where [itex]H[/itex] is the Heaviside step function, so that [itex]\psi_1[/itex] is zero outside the box.

    Now integrate by parts, differentiating the step functions to get delta functions.
  5. Jan 11, 2008 #4


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    Mute thanks for writing down the equations in more proper way..
    Why should i hypothesize that the momentum is discrete? The math should show me that..

    Mr Jones, if we replace the wavefunction [tex]\psi_1(x) = \left( H\left(x\right) - H\left(x - L\right)\right)\sqrt{\frac{2}{L}} \sin \left(\frac{\pi x}{L} \right),[/tex]
    at the equation [tex]\phi (p) \propto \int_{-\infty}^{\infty} dx \psi(x) e^{-i p x/\hbar}[/tex] , the limits of the integral will change from [-00,+00] to [0,L] and the Heaviside function will disappear. So we will get [tex]\phi (p)[/tex] which will be equal to C(p) i wrote at the first post.
    No delta function and the spectrum is still continuous.
    Where am i mistaken?

    Even if i get the delta function inside the equation still doesnt help...
  6. Jan 11, 2008 #5

    George Jones

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    I wrote this off the top of my head without actually doing a calculation, so I don't know if it works.

    I think you might find a mathematically careful treatment in

  7. Jan 11, 2008 #6


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    But you did get the fact that the momentum is discrete from the math! You said it right here:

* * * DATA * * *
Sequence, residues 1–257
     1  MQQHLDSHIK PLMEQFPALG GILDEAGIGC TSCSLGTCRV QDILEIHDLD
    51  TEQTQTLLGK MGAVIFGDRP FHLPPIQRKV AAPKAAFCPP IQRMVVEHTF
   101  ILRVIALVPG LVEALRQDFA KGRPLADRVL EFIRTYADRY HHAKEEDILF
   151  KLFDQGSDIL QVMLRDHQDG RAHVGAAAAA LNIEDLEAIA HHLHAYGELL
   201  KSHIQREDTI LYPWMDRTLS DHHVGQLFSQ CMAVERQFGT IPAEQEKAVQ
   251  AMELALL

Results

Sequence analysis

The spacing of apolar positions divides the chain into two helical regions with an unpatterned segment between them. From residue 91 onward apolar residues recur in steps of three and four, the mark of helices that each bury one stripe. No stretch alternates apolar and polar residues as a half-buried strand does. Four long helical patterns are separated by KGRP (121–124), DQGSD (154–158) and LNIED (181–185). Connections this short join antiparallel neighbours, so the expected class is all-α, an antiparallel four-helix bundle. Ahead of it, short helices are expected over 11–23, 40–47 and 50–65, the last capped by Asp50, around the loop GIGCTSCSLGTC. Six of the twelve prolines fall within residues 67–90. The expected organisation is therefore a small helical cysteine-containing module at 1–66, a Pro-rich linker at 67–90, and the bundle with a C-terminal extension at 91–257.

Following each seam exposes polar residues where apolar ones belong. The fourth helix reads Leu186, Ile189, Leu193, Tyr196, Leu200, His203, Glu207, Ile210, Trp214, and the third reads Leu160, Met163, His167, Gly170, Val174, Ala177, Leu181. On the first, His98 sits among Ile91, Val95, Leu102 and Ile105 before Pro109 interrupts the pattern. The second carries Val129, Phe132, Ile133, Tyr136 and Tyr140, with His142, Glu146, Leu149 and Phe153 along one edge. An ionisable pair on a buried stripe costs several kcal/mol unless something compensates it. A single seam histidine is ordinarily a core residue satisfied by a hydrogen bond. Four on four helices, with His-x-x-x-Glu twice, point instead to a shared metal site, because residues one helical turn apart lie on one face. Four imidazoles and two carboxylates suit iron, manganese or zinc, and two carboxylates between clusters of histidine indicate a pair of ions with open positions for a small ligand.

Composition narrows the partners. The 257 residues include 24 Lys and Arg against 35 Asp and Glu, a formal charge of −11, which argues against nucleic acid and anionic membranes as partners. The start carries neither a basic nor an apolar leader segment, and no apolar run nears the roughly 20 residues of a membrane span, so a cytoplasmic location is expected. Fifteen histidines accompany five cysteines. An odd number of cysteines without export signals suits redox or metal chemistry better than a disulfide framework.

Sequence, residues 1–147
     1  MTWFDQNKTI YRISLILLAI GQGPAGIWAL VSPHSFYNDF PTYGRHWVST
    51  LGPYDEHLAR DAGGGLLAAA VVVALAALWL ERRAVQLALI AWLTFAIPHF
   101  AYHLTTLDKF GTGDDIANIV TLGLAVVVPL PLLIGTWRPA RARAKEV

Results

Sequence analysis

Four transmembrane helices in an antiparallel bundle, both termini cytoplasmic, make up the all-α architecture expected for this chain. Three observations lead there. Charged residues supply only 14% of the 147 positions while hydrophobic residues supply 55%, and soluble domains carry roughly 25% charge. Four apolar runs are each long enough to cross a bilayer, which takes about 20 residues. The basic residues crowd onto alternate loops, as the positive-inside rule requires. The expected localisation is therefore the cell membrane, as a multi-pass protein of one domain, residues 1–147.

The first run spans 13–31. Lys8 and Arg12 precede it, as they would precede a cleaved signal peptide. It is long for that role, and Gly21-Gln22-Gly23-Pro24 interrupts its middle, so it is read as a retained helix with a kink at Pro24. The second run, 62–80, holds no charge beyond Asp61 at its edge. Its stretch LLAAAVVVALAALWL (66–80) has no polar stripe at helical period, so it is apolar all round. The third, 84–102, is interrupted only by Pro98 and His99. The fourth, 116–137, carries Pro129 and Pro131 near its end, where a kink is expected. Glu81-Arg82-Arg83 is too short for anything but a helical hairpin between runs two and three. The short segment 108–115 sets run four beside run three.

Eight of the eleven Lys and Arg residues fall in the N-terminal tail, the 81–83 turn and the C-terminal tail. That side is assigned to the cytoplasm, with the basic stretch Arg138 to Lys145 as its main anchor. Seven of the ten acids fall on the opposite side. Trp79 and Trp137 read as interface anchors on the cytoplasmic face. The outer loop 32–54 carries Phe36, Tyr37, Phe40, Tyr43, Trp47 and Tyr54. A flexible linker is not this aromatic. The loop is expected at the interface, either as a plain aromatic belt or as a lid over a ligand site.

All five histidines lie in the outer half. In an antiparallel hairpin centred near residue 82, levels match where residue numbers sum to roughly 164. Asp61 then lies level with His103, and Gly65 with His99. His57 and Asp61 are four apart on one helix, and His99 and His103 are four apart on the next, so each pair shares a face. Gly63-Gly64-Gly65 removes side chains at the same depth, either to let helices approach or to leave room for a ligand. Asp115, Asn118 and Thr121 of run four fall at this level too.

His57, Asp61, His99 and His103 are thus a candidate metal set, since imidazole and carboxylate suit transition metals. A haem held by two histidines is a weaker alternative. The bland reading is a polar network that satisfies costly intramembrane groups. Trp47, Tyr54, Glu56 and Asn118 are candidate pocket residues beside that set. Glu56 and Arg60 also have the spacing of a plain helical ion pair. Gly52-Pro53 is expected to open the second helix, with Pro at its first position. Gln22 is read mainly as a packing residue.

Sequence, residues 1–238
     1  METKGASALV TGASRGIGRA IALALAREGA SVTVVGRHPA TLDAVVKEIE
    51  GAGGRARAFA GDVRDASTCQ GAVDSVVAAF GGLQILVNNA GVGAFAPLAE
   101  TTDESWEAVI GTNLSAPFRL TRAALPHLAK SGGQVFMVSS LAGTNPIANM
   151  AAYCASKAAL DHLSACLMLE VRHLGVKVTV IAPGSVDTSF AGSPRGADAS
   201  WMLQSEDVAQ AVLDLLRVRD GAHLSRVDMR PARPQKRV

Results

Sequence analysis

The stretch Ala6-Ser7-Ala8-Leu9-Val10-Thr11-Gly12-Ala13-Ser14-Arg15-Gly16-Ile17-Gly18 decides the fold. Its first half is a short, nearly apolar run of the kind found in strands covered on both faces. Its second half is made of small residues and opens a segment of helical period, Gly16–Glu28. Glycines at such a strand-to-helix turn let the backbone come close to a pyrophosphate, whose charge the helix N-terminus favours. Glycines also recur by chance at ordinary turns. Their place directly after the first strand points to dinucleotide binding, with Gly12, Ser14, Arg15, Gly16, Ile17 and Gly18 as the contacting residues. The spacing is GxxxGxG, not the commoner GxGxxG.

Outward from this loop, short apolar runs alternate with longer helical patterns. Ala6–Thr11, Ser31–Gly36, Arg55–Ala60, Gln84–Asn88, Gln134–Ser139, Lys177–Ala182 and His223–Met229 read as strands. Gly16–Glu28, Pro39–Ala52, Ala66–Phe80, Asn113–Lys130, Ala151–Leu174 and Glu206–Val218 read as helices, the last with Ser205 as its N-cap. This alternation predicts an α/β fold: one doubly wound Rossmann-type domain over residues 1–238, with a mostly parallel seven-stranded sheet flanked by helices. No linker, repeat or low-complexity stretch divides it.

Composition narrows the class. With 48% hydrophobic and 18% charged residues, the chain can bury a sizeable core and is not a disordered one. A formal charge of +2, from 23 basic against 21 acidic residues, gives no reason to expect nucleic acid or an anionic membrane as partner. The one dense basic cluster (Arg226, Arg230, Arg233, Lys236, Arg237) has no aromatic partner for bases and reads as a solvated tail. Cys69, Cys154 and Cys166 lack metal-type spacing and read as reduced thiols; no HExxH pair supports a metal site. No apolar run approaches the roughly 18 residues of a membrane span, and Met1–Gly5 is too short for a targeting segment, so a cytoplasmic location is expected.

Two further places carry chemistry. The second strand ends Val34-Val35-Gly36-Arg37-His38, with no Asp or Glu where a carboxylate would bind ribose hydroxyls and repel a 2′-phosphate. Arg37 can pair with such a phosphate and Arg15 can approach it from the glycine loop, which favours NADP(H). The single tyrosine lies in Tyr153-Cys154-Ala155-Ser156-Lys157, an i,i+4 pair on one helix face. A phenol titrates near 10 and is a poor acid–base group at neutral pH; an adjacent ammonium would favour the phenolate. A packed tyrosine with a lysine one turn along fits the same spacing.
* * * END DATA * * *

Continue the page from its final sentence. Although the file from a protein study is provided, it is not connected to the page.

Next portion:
The fact that the energy is discrete comes from the solution to the time independent Schrodinger Equation and your boundary conditions. The boundary conditions impose the discreteness of E, which inside the box is equal to the particle's kinetic energy [itex]p^2/2m[/itex], and hence the momentum is quantized as well, just like you originally supposed.

    This tells you that the momentum is also discrete, so if you are going to use momentum as the basis states to expand the wavefunction, you must use a Fourier Series instead of a Fourier integral, as the Fourier integral requires your basis states be continuous.

    What I was saying above was that the moment you wrote down [itex]\psi(x)[/itex] as a Fourier Integral, you were implicitly assuming that momentum is continuous, and hence you of course will find in the end that momentum is continuous. If you had written [itex]\psi(x)[/itex] as a Fourier series instead, you would have had to conclude that momentum was discrete.

    So, the fact that momentum was discrete comes from the fact that energy is discrete, like you had already found, and that tells you which kind of Fourier expansion to use.
  8. Jan 11, 2008 #7


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    Thanks for the contribution guys.

    I found a paper that discusses exactly this problem.
    This trully is a paradox afterall, and it has a name: Einstein-Pauli-Yukawa paradox.
    The article is very interesting and can be found here: